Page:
As coffee cherries come from the field the same day that they are picked, they move into Aquiares’ wet mill. The farm produces fully washed coffees, honey processed coffees and naturals. This natural lot has been floated for density (with all floaters being removed) and then immediately moved to the farm's solar dryer patios (large greenhouse with ceramic floors) for pre-drying. After 2-3 days of pre-drying on the ceramic floors, they are moved to the farm’s raised beds, also in the covered greenhouse, where they slowly dry for around 10 days. Finally, the beans are placed in A mechanical drying in Guardiola for 1 day to complete the process.
Although Guardiolas are common in this wet, humid area of Costa Rica, the Robleos are always searching for new ways to innovate in processing and drying. For instance, they knew that drying was one of their main challenges in producing speciality coffee – particularly as they wanted to start producing honey and natural lots. According to Diego Robelo, “Everyone told us we were crazy. You are never going to make honeys and naturals in Turrialba. We decided to prove them wrong.”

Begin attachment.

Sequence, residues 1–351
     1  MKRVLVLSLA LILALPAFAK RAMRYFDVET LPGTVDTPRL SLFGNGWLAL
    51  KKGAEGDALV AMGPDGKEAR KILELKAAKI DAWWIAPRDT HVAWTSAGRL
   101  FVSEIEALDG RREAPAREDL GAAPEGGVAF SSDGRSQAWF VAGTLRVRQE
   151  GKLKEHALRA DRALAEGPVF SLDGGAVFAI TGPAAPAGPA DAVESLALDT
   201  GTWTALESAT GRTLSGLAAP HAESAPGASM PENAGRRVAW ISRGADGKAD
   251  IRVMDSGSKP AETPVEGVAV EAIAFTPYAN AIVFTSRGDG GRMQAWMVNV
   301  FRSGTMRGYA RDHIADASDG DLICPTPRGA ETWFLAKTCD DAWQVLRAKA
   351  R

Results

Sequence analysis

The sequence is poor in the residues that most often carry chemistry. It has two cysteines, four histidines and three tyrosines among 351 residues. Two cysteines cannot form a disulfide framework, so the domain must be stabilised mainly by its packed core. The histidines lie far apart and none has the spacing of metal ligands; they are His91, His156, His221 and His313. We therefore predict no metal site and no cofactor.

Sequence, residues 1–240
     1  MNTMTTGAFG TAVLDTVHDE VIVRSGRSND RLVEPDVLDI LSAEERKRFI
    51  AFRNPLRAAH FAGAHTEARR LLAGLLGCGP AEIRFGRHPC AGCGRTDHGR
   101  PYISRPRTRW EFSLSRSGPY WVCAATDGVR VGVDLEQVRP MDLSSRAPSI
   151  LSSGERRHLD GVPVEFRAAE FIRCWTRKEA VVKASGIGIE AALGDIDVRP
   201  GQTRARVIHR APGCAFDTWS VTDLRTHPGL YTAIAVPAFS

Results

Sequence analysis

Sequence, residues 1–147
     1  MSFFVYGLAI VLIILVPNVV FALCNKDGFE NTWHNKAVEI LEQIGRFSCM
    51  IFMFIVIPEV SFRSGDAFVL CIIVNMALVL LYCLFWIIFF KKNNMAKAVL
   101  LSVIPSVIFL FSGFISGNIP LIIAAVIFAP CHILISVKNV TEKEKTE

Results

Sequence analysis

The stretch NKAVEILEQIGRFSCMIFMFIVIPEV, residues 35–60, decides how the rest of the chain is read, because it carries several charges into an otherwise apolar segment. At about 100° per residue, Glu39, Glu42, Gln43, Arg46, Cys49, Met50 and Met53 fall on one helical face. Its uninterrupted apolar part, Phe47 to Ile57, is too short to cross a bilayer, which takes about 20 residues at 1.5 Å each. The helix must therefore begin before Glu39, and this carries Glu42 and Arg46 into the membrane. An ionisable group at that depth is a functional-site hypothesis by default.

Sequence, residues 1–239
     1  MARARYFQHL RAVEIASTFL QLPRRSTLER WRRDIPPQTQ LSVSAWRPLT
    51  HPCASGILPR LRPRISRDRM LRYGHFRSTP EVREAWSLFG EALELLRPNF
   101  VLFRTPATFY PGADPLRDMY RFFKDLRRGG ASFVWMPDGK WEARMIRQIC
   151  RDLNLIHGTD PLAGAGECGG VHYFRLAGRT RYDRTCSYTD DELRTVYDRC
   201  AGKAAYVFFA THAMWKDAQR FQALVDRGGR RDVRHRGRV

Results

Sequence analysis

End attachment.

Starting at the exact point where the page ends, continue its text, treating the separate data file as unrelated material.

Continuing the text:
The Robelos sourced a greenhouse from a neighbour in the region who had been producing roses and built drying beds according to specifications gleaned from other producers. After the first lots were dried in the greenhouse, thermometers and humidity gauges still showed a great deal of temperature fluctuation depending on time of day and weather. In order to create a constant and even temperature in the greenhouse they installed an airflow system connected to their guadiola system (used for commercial lots). Now, dry air of around 36 degrees Celsius circulates throughout the greenhouse, maintaining an even temperature. The new system works well, helps increase the drying capacity of the greenhouse and reduces variability in lots. Diego and his quality control team consider these steps just the first in perfecting processing at the farm.